HMS Dreadnought was a battleship of the British Royal Navy that revolutionised naval power.
Entry into service,
Her entry into service in 1906 represented such a marked advance in naval technology that her name came to be associated with an entire generation of battleships, the “dreadnoughts”, as well as the class of ships named after her, while the generation of ships she made obsolete became known as “pre-dreadnoughts”.
She was the sixth ship of that name in the Royal Navy.
Battle of Jutland in 1916,
Dreadnought did not participate in any World War or naval battles as she was refitting during thethe only time that British dreadnought battleships fired on their German counterparts.
During the war,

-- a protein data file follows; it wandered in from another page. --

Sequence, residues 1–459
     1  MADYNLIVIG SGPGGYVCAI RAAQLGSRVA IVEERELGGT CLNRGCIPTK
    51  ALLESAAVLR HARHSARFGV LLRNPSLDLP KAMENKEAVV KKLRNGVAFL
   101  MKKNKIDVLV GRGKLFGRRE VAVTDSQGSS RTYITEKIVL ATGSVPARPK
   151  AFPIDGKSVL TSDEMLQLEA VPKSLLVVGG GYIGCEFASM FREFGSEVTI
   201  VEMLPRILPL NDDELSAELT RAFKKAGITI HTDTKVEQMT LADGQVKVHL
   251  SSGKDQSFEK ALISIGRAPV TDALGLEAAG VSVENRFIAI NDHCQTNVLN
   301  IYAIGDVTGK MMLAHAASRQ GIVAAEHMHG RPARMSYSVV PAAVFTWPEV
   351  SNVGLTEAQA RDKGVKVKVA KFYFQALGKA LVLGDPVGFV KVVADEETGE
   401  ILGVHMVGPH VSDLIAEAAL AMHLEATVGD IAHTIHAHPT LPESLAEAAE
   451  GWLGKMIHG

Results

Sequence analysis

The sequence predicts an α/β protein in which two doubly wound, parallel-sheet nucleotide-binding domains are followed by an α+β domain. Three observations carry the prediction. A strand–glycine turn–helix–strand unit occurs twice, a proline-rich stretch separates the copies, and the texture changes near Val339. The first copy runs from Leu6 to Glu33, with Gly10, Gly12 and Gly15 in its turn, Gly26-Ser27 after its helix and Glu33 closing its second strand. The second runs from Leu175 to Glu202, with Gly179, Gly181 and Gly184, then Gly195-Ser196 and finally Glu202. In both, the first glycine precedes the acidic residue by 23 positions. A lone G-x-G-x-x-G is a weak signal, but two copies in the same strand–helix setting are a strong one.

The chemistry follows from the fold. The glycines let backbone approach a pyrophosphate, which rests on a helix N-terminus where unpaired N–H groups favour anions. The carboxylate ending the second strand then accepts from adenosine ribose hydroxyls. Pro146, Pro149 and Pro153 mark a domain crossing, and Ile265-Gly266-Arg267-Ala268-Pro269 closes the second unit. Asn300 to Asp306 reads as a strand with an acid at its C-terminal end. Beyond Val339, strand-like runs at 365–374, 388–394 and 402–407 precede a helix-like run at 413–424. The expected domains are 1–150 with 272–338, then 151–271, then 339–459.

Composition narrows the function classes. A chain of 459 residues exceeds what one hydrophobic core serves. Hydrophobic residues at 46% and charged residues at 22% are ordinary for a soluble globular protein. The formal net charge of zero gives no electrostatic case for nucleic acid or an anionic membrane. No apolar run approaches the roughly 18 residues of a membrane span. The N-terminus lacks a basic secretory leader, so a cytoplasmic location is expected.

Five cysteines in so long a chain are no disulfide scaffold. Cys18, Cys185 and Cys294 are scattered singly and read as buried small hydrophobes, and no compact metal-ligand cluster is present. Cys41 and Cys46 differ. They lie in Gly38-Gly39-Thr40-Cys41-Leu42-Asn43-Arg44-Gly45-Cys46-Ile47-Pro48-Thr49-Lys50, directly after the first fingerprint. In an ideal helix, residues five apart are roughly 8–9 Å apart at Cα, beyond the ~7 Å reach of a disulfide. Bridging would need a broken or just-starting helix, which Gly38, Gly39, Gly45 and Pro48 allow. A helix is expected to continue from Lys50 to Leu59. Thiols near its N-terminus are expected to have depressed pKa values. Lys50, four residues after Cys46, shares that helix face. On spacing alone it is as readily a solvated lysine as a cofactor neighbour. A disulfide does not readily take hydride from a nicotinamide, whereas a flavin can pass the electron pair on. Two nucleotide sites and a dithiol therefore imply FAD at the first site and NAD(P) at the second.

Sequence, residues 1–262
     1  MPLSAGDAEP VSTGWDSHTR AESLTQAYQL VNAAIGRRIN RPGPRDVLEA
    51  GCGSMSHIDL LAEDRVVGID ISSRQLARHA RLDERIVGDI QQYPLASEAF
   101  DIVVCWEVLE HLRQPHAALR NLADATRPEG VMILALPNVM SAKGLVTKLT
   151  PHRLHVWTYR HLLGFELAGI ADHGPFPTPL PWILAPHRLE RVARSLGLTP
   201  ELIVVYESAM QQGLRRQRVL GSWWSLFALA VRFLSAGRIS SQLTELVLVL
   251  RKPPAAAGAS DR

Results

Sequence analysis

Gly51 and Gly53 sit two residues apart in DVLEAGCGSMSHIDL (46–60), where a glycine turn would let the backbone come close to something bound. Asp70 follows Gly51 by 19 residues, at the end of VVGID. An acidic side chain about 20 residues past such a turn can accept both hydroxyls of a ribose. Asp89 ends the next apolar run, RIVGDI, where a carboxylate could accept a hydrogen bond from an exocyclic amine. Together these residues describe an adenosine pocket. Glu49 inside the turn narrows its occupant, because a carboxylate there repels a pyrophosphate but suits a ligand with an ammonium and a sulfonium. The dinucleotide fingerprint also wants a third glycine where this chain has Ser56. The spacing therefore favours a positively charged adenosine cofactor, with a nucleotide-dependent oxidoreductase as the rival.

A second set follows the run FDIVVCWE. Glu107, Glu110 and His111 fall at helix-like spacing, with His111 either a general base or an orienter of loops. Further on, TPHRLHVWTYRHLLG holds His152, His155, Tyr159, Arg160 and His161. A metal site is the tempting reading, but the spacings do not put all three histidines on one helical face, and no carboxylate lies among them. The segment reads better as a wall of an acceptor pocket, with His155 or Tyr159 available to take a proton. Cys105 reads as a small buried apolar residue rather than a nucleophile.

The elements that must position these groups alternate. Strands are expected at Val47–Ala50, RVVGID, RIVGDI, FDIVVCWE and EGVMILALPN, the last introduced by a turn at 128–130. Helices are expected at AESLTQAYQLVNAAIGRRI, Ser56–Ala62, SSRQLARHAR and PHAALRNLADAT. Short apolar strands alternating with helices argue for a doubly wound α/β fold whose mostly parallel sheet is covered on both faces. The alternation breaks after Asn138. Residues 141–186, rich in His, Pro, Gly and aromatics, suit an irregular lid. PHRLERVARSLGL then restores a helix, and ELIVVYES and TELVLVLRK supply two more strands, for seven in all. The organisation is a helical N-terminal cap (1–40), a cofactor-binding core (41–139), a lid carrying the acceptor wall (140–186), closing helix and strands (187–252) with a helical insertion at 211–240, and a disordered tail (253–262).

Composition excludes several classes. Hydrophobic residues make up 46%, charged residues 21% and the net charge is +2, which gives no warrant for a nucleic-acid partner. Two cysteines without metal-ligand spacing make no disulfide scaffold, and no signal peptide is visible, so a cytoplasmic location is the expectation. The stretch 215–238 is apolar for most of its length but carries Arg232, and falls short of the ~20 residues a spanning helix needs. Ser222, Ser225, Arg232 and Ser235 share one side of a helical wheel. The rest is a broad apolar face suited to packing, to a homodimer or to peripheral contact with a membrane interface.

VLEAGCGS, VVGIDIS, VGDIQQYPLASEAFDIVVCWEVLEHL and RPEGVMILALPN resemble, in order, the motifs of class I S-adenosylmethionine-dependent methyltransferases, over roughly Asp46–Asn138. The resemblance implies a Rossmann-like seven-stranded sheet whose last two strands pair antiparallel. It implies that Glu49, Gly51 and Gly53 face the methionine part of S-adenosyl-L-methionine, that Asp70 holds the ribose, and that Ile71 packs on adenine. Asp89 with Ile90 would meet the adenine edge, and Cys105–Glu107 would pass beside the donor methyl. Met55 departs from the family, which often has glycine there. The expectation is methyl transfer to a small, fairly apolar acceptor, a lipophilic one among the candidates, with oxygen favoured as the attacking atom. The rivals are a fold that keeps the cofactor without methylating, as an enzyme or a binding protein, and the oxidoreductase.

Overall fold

Dreadnought became the only battleship ever to sink a submarine when she rammed the SM U-29 when it unexpectedly broke the surface after firing a torpedo at another dreadnought in 1915. After Jutland, she was relegated to coast defence duties in the English Channel, only rejoining the Grand Fleet in 1918, but was reduced to reserve in 1919.
Robert H. Coppinger was promoted to the rank of Captain on 30 June, 1916. and appointed in command of HMS Dreadnought on 25 February, 1919.
Captain Coppinger on the 31 March 1920 and, from 16 December, was to be in charge of ships for disposal in the Scottish Command.
The British Royal Navy Battleship HMS Dreadnought, was sold for scrap on the 9 May 1921 for £44,000.
Coppinger was placed on the Retired List at his own request on 16 July, 1922. He was thanked for offering his services in 1939 for World War II.
We have web site link for of the an association for HMS Dreadnought, This site we understand, non profit area, has been set up for all those brave individuals who served on Dreadnaught that may wish may keep in touch others.
Here is the link for :- HMS Dreadnought Association, the history on this page link, supplied by Frank (Shiner) Wright, was apparently the same as the original website.